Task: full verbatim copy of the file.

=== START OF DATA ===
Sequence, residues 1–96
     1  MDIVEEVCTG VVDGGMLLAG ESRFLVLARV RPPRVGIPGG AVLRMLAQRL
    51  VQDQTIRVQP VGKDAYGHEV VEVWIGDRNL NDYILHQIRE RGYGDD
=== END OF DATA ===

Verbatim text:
Sequence, residues 1–96
     1  MDIVEEVCTG VVDGGMLLAG ESRFLVLARV RPPRVGIPGG AVLRMLAQRL
    51  VQDQTIRVQP VGKDAYGHEV VEVWIGDRNL NDYILHQIRE RGYGDD